BREWER, Maine — At 5-foot-11, 273 pounds, Rob Meulenberg doesn’t quite look like what you might expect a physics professor to look like, but he certainly knows how to apply irresistible force to an immovable object.
He looked right at home on the Brewer Auditorium stage for the Maine Games State Powerlifting Championships Saturday.
Then again, when it comes to powerlifting, there really is no “typical” powerlifter. Friday and Saturday’s State Powerlifting Championships was proof positive of that.
Whether it was the squat, bench press or deadlift, there were sons competing, daughters competing, fathers and mothers competing… There were even some grandfathers pumping some iron.
If that’s not enough of a cross section, consider Meulenberg.
The Philadelphia native who came to Maine by way of California smashed the state record in the squat with a personal-best lift of 832 pounds — yes, 832 pounds — Saturday afternoon. And the amateur powerlifter also happens to be a professional strongman.
Oh, did anyone mention he also happens to be an assistant physics professor at the University of Maine? Talk about a renaissance man.
“This is the first powerlifting event I’ve done since 2000 and I set a personal best. I hit 815 two years ago,” the 32-year-old married father of 2-year-old daughter Abigail said. “I was going to be happy is I broke 820.”
Most people, even some at the two-day competition, would be happy to break 280.
Meulenberg set foot in the Pine Tree State for the first time last Labor Day after being hired by UMaine for a tenured track position. Previously, he taught at the University of California-Santa Barbara.
“I lived in California 10 years and my wife Christa’s a lifelong California resident,” he said.
Talk about a culture (or climate) shock.
“Yeah, I heard this winter was really cold, even for this area, but I didn’t mind it too much,” he said. “We’re both doing well and it’s been fine. I have a great appreciation for the spring now though.”
All Meulenberg did Saturday was smash the previous state record of 650 pounds in the squat by 182 pounds, bench 391 pounds (miniscule by his standards since he has done 500 before, but lifted without a belt Saturday), and another 690 pounds in the deadlift before breaking a callous on his hand while coming back down with the barbell at 716.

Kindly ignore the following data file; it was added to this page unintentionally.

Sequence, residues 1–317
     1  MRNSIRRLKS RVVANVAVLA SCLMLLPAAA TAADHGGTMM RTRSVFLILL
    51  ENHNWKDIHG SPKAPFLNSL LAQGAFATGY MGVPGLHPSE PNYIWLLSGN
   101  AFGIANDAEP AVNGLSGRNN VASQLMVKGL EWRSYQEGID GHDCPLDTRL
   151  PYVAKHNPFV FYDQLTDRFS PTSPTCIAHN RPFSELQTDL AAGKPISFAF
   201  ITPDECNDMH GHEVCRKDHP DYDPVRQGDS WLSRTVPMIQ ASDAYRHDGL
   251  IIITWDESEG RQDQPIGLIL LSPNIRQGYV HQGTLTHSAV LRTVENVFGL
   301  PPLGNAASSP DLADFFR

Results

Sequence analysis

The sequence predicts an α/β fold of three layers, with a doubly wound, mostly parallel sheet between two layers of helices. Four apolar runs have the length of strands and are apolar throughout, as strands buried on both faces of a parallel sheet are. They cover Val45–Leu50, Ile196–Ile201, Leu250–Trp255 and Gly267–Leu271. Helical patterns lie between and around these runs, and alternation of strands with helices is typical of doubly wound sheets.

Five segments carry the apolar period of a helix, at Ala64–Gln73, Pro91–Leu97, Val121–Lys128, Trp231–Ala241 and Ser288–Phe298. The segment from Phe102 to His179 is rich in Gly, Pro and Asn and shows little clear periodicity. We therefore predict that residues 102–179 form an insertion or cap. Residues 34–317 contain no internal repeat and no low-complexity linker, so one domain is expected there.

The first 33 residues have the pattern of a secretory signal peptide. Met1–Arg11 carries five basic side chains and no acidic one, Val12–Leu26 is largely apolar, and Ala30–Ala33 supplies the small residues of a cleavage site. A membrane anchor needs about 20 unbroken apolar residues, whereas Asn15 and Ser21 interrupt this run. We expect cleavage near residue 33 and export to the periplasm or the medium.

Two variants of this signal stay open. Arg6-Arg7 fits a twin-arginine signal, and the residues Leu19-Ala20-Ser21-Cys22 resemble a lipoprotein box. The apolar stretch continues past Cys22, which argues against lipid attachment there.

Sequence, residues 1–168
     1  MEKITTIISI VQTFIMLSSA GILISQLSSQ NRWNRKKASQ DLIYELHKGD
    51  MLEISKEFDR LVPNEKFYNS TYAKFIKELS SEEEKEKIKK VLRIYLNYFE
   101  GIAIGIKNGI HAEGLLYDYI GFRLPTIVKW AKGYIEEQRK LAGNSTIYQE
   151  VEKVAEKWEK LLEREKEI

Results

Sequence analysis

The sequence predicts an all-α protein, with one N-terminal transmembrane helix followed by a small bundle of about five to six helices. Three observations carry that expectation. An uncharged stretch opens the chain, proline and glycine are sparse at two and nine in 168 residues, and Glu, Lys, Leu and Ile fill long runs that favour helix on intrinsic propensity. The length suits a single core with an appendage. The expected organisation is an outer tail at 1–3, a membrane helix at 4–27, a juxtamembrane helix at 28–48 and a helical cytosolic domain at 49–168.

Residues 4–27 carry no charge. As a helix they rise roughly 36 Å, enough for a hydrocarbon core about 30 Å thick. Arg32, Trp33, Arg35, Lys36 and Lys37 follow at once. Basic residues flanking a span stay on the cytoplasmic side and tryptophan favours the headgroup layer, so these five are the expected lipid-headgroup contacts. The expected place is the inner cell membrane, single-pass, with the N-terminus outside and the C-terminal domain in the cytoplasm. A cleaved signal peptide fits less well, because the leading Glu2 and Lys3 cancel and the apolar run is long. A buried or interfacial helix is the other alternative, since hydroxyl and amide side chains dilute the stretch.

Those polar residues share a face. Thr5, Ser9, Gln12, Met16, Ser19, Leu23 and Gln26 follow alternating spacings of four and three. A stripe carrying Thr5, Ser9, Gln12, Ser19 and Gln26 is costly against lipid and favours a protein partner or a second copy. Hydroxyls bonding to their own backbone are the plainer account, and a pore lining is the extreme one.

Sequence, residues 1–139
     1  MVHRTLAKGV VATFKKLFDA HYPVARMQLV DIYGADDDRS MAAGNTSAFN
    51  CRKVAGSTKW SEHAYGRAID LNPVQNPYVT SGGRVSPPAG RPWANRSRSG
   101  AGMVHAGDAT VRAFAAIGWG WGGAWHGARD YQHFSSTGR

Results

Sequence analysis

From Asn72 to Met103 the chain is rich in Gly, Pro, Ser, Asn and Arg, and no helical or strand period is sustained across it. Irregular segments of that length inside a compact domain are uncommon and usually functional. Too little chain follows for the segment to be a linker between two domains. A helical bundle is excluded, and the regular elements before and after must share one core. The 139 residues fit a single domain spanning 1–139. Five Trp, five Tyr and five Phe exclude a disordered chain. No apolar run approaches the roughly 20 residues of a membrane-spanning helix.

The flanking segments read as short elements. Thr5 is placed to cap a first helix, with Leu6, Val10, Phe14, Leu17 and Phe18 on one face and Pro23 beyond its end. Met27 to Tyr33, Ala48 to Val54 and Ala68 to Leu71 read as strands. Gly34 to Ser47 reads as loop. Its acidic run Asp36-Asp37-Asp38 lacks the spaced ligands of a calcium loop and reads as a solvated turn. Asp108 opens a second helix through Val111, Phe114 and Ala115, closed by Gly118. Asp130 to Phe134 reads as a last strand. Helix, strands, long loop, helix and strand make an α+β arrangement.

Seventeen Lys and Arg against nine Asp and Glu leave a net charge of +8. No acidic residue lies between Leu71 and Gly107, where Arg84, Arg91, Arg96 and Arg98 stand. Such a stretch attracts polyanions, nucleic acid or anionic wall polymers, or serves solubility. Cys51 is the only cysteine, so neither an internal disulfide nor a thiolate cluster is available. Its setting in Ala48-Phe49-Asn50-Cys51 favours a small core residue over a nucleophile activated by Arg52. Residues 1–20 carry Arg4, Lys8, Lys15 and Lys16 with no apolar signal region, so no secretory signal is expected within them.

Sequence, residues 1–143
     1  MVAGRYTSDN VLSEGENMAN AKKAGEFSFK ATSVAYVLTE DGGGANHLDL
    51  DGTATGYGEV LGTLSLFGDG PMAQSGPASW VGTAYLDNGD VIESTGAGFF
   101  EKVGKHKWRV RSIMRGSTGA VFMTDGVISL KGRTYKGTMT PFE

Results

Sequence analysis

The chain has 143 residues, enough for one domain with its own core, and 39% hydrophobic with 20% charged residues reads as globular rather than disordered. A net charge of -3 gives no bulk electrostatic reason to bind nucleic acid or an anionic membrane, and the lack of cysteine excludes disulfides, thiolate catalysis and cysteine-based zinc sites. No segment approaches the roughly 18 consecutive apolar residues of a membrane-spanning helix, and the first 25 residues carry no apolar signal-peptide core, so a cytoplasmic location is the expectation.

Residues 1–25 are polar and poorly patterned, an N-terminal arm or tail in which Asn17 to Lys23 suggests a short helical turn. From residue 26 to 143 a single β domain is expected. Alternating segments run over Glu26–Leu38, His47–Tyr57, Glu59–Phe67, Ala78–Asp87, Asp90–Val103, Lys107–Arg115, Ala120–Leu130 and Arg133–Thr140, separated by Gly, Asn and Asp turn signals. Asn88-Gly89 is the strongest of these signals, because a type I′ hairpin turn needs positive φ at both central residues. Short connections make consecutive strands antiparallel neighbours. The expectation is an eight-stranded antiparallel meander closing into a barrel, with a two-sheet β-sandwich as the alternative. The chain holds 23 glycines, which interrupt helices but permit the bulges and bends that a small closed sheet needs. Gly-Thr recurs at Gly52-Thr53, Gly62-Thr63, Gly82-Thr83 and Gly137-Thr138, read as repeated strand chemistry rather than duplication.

“It was bleeding all over and I figured I’d better not chance making it worse with a third lift,” said Meulenberg, who was named best lifter overall at the meet after also breaking the overall lift mark [1,700] with 1,913 total pounds. “I was kind of disappointed, but I guess the deadlift record will just have to wait for next year.”
Not bad for a guy who didn’t even decide to start training for this meet until the middle of last January.
“I started weightlifting when I was 18 and competing when I was 21,” Meulenberg said. “From that point until now, I think I’ve been in 20 powerlifting meets.
“I do the Highland Games too, but I’m also a professional strongman, so I usually train to tow Volkswagens and throw rocks and stuff like that.”
Meulenberg, who qualified for the America’s Strongest Man competition in West Virginia July 25-26, hopes to compete in one of the upper echelon strongman competitions televised on ESPN and ESPN2.
“I might not even be doing this now if my wife, who was my girlfriend at the time, didn’t encourage me to stick with it and keep competing when we were in California,” said the current Orono resident.
Family seems to be a constant when it comes to the powerlifters competing at the Maine Championships. Take Joe Cretien, a 13-year-old from Hudson who competes along with his father, Russell.
“My dad has been working out for awhile, probably since high school and I’ve been involved for a year now because I wanted to get stronger for the other sports I’m doing,” said Joe Cretien, who also does soccer, wrestling, and track and field (shot put and discus). “I wanted to lift higher weights and he asked if I wanted to get serious about it.
“We both started competitive lifting this year. He was interested, but wanted to do it the two of us together,” said the New England wrestling champ in the 180-pound class. “If it wasn’t for him, I probably wouldn’t be lifting anywhere near as well as I am now.”
Cretien set state records in his class in the squat with a lift of 275.58 pounds, in the bench (209) and in deadlift (320).
Russell Cretien, 46, squatted a personal-best 418, did a 370 bench and 365 deadlift but he’s feeling the heat from his son.
“I have to keep up with my son, but he’s going to go by me before too long,” he said with a chuckle. “His personal-best in bench is 240, which for a 13-year-old is just insane.”
Saturday’s meet drew about 200 observers and 35 competitors for a two-day total of 60.
“It seems to go up every year,” said Maine Games executive director Jeff Scully. “I counted over 230 people here Friday. That doesn’t happen.
“Some of these other guys go to nationals and there’ll be 40 people watching. We’ll have 500 for two days. That’s nuts.”
On Friday, Gaelen Saucier of Bangor was presented with the Travis Roy Courage Award by the Maine Center for Integrated Rehab. The wheelchair-bound St. Agatha native is an avid lifter (bench press) who also competes in sled hockey, wheelchair basketball, and quad rugby. He also competes in road races, usually 5K, but in he did 10K’s the last two years. He was paralyzed from the waist down after an accident knocked him off a ladder while trimming trees in 2003, but became more active after his injury than he was before.